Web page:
Darren Rovell on the Patriots installing Wi-Fi in their stadium:
Although the league sells 96 percent of the tickets it has available, the NFL is losing ground because of fans who feel they are out of the loop on other games and fantasy stats while sitting in the stands cheering for their teams.
In 1998, 54 percent of fans said they would rather be at an NFL game than watching it at home, according to an ESPN Sports Poll. Last year, only 29 percent of fans said they would rather be at the game, the worst drop of any major sport tracked over that time period.
This is becoming more and more of a trend apparently. And it makes complete sense, if nothing else because cellular service in sports stadiums/arenas is generally awful. This is understandable since such a large concentration of people in one place is going to overwhelm most cell towers. In the NFL especially, where fantasy football is more important to some than the team they are watching, it seems like these stadiums would benefit most from Wi-Fi. Since NFL games only happen a couple of days per week, and all at the same time, fans are in a tougher position than at basketball and baseball games.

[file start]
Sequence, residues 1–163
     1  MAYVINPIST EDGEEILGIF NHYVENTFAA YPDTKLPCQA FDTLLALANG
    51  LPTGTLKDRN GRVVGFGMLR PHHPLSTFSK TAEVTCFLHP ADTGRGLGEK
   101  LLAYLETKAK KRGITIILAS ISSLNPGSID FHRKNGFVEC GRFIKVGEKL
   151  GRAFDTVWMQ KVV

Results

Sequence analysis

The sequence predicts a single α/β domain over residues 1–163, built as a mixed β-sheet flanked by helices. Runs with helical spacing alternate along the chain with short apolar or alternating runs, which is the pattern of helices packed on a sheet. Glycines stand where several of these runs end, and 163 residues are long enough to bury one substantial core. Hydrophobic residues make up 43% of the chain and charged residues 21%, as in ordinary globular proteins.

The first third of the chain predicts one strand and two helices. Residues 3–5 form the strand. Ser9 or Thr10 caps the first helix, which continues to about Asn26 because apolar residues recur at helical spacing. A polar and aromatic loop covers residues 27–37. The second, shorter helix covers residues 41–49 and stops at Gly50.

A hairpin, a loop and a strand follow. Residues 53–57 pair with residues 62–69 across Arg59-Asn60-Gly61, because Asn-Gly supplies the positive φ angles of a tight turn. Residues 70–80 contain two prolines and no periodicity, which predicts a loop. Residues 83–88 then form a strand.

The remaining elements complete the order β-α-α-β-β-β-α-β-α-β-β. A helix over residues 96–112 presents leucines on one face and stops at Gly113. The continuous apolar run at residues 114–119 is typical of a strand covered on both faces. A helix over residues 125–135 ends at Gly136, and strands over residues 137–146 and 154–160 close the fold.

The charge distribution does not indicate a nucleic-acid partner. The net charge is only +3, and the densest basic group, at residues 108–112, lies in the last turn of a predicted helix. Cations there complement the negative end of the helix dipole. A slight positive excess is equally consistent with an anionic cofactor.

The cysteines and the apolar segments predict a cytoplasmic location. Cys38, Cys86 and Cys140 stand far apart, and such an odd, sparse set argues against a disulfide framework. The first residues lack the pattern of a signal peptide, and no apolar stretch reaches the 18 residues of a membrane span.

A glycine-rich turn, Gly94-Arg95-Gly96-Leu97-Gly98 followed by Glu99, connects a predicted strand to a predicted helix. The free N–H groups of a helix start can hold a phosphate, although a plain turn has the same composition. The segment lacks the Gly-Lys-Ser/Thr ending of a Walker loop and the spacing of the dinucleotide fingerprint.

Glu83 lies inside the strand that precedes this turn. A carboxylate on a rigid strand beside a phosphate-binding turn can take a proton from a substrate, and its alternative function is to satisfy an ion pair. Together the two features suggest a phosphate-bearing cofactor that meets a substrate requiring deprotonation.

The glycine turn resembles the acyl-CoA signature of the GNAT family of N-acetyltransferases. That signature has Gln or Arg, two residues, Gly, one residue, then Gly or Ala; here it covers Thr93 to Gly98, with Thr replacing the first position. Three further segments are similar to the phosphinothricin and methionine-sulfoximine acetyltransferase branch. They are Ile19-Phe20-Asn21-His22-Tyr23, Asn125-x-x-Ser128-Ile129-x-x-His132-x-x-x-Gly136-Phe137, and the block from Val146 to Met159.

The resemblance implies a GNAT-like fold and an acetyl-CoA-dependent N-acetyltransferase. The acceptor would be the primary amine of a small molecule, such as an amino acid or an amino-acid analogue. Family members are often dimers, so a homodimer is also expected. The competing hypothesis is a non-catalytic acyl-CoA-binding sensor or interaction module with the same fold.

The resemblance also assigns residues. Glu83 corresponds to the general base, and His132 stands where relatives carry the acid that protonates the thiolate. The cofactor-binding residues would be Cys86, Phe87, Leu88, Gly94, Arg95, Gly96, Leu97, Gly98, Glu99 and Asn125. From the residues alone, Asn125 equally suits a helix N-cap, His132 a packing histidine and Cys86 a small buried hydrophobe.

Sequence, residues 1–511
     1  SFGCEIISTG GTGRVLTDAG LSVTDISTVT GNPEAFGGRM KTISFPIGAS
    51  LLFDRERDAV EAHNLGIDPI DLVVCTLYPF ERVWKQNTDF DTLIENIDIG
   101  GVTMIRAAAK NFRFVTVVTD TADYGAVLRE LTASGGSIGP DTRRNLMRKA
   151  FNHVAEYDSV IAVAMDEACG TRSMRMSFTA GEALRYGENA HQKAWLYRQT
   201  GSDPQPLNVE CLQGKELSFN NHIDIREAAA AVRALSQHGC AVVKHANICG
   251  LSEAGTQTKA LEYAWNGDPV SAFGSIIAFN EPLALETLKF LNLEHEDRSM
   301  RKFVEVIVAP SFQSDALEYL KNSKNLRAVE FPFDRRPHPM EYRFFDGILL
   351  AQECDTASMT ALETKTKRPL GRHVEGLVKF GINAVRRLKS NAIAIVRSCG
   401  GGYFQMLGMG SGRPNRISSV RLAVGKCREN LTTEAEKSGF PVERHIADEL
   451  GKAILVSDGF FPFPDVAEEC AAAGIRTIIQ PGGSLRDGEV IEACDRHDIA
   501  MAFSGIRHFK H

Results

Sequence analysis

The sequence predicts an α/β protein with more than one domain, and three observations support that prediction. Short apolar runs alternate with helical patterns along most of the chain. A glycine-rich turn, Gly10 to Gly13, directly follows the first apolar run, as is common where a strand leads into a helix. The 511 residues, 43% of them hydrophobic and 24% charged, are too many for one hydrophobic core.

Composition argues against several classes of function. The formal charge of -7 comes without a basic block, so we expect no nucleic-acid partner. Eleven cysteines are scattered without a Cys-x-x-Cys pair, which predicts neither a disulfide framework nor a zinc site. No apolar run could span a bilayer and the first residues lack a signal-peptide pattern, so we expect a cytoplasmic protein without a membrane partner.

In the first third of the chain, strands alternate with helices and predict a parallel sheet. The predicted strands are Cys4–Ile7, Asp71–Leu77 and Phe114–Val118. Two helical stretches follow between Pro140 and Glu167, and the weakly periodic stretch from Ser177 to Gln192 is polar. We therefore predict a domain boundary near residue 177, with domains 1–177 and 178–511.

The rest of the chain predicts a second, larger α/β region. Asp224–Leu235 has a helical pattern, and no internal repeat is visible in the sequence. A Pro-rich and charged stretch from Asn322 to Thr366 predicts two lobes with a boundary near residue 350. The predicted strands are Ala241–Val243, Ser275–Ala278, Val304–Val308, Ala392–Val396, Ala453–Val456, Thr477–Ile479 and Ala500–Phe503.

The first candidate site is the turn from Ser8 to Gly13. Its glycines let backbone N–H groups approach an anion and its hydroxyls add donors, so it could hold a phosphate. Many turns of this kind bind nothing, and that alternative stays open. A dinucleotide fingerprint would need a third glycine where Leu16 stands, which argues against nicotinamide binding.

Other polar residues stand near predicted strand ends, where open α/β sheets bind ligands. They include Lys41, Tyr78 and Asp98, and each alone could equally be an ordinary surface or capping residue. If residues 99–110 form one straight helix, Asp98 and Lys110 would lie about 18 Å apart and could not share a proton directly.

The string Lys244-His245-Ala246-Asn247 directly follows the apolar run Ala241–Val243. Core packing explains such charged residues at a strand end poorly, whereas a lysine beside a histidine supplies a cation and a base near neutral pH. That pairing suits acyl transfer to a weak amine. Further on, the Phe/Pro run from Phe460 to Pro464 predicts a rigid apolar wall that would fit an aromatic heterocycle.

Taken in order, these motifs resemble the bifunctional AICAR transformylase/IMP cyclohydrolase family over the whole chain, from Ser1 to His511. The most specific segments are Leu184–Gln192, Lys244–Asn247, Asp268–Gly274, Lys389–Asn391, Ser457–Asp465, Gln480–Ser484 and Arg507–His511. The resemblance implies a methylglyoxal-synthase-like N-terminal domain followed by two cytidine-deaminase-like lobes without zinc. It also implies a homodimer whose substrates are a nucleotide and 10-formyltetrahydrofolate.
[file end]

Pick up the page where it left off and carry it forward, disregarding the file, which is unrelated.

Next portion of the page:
Rovell’s stat about the number of people who prefer to be at the game (29%) rather than at home is astounding. Bill Simmons has been banging this drum for a couple of years now. The assumption is that most everyone has a relatively large HD television at home, no bathroom lines, and an entire case of beer for the cost of just a couple at a stadium and it begins to be a tough decision. Plus parking is free and it doesn’t take at least an hour each way to get there.
If the number is that low for football, American’s most popular sport, and one that has just eight or so home games per year, how much lower must it be for basketball and baseball? Baseball at least at the benefit of being in the summer, and generally outdoors. But with 81 home games teams are trying to find better ways to fill the stands.
The White Sox, who haven’t drawn fans all the well in my entire adult life with the exception of the 2006-post World Series bump, have started offering tons of deals to get fans to the park. These deals include not only free tickets but vouchers for food and drinks. I have often complained on Twitter about how these deals kill the secondary market for season tickets, causing most holders to take a loss on games they don’t go to. Season tickets themselves are another conversation altogether.
I expect in the coming years these kind of deals will become much more prevalent. Small market teams, and teams without current or recent success, will be a tough position down the road. They will need to find new creative ways to draw fans, and free Wi-Fi won’t be enough.